Sydney University’s Professor Anita Ho-Baillie has won Australian Research Council (ARC) Future Fellowships funding of more than a million dollars, to extend her frequently cited research into perovskite solar cells and develop space-ready photovoltaics that “could result in billions of dollars in savings for the satellite market”, as well as boost the viability of future deep space probes, Mars rovers and moon mining, said USyd in an announcement last week.
Although space hardware is already largely powered by photovoltaic generation, existing technologies are heavy and expensive to manufacture compared to the promise of perovskites which use lower cost component materials and deliver a higher power-to-weight ratio — critical in equipment that must be launched against the earth’s gravity and travel long distances to reach its destination, or to efficiently orbit the earth.
The ARC Future Fellowships program is designed to support “excellent mid-career researchers to undertake high-quality research in areas of national and international benefit”.
Last year, Ho-Baillie, the inaugural John Hooke Chair of Nanoscience at the University of Sydney was one of a group of scientists from the University of New South Wales and USyd to claim a world first in global efforts to develop durable metal-halide perovskite solar cells, when their perovskites passed strict International Electrotechnical Commission testing standards for heat and humidity.
Unlike silicon solar cells, perovskites, which are frequently hailed as the “next generation” of low-cost solar technology, have not yet been produced in a way that equals silicon’s endurance under long-term environmental stresses.
Using gas chromatography-mass spectrometry to identify the decomposition pathways of hybrid perovskites, the scientists last year found that encapsulating the cells in glass combined with low-cost synthetic rubber- or a polyolefin-based polymer, conferred excellent durability that exceeded the requirements of the IEC61215:2016 Dam Heat and Humidity Freeze tests.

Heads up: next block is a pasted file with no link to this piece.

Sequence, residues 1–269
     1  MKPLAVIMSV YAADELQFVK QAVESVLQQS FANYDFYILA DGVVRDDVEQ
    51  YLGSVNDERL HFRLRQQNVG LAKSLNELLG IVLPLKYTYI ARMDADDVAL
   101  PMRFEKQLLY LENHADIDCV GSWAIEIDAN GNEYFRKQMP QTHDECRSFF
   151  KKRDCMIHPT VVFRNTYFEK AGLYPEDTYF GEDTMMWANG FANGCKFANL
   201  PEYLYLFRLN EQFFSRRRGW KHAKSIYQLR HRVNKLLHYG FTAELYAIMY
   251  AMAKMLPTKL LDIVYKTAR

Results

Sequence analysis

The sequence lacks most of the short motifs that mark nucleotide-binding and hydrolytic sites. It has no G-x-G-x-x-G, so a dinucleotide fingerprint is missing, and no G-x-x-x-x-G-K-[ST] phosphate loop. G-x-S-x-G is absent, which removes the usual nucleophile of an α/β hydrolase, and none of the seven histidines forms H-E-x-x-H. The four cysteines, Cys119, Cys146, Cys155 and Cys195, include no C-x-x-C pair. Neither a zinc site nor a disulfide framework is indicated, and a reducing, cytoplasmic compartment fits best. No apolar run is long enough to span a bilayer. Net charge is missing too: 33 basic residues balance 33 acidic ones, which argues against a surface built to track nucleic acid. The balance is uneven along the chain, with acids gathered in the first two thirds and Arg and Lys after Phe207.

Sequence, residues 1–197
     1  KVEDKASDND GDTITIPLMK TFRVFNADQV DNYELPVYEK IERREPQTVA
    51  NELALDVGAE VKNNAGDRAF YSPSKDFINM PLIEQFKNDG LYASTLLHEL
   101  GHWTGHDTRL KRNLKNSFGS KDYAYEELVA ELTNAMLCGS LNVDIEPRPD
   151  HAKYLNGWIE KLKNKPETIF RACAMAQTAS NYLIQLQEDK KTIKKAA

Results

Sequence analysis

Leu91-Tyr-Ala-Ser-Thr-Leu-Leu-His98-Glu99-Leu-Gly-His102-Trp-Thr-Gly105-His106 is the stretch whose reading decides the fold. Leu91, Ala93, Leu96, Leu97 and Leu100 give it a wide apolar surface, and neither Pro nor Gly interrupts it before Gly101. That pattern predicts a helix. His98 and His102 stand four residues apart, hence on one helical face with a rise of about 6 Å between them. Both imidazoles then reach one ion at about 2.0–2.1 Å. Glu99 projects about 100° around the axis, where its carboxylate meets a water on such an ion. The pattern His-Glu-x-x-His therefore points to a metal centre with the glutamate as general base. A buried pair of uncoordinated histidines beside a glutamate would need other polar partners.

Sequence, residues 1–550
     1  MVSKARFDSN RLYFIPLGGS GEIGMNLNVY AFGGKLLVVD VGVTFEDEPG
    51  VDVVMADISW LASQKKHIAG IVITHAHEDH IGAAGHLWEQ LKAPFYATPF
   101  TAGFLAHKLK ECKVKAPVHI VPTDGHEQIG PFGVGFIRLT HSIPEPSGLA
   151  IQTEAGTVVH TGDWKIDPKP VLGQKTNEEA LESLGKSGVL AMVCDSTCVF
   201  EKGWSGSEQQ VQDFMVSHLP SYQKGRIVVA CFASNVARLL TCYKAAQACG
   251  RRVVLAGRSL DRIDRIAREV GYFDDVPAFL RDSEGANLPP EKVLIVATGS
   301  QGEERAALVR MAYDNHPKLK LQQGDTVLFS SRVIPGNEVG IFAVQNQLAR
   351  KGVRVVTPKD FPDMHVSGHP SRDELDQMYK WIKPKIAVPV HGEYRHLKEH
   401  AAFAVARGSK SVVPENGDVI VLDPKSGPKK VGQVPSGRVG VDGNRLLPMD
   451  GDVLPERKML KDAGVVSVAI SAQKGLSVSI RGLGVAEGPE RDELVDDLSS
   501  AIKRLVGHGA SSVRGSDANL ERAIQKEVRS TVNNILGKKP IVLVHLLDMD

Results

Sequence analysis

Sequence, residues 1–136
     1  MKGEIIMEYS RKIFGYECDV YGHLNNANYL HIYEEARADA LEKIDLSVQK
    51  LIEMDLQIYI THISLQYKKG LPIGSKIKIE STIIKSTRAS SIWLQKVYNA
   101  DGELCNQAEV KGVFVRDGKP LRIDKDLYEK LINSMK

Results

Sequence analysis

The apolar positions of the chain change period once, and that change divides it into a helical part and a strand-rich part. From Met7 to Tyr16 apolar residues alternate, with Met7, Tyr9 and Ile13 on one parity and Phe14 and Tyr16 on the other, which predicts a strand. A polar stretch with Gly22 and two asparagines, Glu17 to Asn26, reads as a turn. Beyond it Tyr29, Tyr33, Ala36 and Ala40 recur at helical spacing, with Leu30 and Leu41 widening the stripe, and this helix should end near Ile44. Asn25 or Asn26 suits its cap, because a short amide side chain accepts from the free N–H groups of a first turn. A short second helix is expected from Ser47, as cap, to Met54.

At the time, Ho-Baillie said, “Perovskite cells will need to stack up against the current commercial standards. That’s what is so exciting about our research. We have shown that we can drastically improve their thermal stability.”
Deployment in space will expose the metal-halide perovskites under development by Ho-Baillie to other and sometimes far more severe conditions than are experienced on Earth.
Her aim is “to develop and demonstrate perovskite solar cells to achieve high areal power conversion efficiencies and long operating lifetimes withstanding the space environment”, says the ARC.
Perovskites are a universal focus
Ho-Baillie’s is one of 100 ARC Future Fellowships projects awarded more than $93 million across a wide field of scientific endeavour. The successful projects represent only 15% of applications received.
The announcement of ARC funding for this project comes just days after Australia’s science agency, the CSIRO announced it would partner with Adelaide-based in-space transportation provider Space Machines Company (SMC), to test the CSIRO’s perovskite-based cell technology — in the form of solar inks printed on flexible plastic films — on SMC’s spacecraft Optimus-1 which will be launched next year.
Other researchers who are working in photovoltaics and were successful in this year’s Future Fellowships round include Swinburne University of Technology’s Associate Professor Tianyi Ma, who will develop perovskite-based ferroelectrics for solar fuel production.
And the University of Queensland’s Dr Jingwei Hou, whose project will investigate a stable and efficient semiconductive composite material consisting of metal halide perovskite embedded in metal-organic framework glass. The composite is expected to contribute to “a new generation of environmentally safe perovskite devices for energy, environmental and health application”, says the ARC announcement.
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